Says Cora that it was said to be, far be it from
"By Jove, dear o1' London. Yes, sir, me to make mention of the fact. ToI
it's right here with us. Would you tell the truth I though it was prettyl
have thought when last Thursday good, once in a while.
morning it was so cold and you lay in Christmas is coming, trala tra la!
bed and debated whether or not you Aren't you happy. I am-just think'
ought to bolt that class you've already of all the useless presents you can get
overbolted-but it was so cold you to give to somebody else next year.1
just couldn't get up, that this week Why you can just stock up on
you would find this inane, tepid weath- things! And then vacation is so much
er. You know that weather is real- fun. Your family are always glad to
ly one of Ann Arbor's chief charms-be- see you and you just strut.your stuff.
lieve it or not, and I think they should Oh, I tell you, it's a great life. Merry
put it in the University Bulletin, you Christmas.
know, something liks this:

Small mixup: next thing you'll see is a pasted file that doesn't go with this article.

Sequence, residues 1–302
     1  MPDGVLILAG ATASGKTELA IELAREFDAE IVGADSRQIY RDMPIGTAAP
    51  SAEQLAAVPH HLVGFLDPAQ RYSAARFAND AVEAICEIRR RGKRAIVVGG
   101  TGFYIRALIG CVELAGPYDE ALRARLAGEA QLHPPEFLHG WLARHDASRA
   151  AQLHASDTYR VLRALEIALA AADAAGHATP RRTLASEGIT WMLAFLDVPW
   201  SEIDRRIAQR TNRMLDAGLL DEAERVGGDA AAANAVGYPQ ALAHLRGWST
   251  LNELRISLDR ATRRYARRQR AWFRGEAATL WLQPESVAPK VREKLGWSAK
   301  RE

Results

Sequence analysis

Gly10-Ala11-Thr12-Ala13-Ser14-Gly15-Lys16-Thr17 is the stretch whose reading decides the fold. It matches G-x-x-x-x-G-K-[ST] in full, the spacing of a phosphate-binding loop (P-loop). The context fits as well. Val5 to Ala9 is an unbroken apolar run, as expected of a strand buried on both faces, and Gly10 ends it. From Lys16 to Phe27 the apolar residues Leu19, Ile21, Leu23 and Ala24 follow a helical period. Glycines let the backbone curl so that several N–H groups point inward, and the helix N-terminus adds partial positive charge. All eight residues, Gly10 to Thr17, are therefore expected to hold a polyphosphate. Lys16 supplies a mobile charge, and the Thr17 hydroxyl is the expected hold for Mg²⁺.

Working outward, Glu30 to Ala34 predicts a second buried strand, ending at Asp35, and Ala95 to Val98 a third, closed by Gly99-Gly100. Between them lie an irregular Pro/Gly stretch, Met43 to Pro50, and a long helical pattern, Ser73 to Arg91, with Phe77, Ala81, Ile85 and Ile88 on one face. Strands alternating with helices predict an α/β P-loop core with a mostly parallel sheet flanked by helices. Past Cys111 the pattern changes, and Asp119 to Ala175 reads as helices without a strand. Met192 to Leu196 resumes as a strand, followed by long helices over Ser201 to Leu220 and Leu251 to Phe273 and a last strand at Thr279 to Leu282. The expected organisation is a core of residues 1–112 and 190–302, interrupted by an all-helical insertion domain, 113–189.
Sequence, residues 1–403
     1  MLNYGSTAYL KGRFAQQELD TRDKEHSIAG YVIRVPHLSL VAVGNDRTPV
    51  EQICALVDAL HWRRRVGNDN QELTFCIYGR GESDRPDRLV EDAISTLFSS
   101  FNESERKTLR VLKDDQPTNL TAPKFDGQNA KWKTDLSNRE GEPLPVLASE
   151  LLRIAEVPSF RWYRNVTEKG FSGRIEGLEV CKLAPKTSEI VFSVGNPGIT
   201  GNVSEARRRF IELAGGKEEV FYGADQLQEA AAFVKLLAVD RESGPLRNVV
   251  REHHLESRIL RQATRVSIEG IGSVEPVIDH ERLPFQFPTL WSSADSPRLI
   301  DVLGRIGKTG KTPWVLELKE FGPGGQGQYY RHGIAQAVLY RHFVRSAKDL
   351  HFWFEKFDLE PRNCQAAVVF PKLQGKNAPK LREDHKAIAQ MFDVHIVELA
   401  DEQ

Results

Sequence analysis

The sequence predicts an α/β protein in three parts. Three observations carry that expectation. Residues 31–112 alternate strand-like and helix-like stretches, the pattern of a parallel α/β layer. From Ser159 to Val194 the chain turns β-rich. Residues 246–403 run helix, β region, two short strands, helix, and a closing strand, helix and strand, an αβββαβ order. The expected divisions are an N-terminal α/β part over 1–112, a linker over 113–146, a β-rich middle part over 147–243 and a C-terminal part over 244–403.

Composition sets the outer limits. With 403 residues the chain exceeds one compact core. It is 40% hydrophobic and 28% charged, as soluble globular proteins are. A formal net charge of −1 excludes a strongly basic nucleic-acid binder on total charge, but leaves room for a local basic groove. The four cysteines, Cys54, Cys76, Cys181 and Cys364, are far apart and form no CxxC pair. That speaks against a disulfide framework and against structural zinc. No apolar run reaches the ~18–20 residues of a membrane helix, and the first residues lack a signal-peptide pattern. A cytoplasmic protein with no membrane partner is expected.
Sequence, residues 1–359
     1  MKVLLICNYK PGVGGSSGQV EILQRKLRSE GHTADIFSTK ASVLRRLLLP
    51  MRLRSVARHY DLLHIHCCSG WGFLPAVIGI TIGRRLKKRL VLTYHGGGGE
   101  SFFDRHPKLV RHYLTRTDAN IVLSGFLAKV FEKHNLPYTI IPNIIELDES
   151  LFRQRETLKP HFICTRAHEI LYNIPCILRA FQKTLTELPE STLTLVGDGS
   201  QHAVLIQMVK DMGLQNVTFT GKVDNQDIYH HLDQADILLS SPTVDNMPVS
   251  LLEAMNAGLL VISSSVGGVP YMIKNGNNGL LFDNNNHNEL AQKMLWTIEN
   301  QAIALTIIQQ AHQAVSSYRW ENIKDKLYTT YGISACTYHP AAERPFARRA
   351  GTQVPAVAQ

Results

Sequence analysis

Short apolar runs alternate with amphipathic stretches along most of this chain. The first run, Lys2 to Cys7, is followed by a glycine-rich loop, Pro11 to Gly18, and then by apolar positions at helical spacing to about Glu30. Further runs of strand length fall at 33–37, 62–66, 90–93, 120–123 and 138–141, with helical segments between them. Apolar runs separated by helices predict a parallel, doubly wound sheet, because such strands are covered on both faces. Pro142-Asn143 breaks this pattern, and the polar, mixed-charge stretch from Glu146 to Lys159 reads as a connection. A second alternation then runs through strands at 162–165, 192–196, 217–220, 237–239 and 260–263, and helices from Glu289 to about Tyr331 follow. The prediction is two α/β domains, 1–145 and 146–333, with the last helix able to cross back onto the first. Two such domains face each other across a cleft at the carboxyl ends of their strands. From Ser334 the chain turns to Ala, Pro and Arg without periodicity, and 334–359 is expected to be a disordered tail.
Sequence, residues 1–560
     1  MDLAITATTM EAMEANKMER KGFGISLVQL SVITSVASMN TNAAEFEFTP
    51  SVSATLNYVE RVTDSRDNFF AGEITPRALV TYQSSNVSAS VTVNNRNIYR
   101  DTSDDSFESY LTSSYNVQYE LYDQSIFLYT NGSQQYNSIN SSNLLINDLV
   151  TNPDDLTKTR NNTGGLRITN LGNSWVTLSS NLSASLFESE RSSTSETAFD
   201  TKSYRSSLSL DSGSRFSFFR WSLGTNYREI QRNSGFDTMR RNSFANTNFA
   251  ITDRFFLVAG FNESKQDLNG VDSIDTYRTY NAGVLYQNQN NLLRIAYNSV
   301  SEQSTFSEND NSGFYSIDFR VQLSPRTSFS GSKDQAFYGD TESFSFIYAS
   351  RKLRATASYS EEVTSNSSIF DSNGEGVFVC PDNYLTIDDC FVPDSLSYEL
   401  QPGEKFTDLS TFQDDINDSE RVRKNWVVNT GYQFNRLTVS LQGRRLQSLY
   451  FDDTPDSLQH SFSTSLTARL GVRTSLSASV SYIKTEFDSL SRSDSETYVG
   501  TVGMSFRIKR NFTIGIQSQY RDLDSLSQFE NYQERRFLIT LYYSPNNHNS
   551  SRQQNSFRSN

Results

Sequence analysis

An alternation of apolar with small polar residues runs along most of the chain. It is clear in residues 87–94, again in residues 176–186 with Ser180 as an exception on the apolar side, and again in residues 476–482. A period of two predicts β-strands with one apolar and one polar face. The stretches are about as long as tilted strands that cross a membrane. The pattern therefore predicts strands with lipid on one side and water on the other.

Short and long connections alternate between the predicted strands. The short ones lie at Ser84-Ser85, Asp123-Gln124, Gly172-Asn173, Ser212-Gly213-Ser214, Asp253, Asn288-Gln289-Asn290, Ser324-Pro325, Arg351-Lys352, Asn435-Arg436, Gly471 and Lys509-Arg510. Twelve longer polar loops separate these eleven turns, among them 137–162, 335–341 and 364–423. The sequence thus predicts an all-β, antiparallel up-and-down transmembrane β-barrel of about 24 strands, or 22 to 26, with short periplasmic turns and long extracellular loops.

"The University of Michigan is lo-
cated at Ann Arbor, Michigan, in the Sa ta M aus -Vests
southern part of the state. One of the Are GivenC ld
chief charms of this city is its in-
finite variety of weather, there seem- ,-
ingly being no limit to its supply. Stu- The National Kindergarten and Ele-
dents have always enjoyed this more mentary College in Evanston has just
than any other feature and have never completed Santa Claus tests. Even
ceased to remark about this fact.-- . .
and so on far into the night." Santa Claus has his psychiatric side.
I wouldn't mind this weather half All five year olds consulted were posi-
as much if I didn't start out with my tive that there is a Santa Claus. The
best hat on for a 10 o'clock class and six year olds voted 15 to 1 for the
then bump into a rainfall on the way. six ye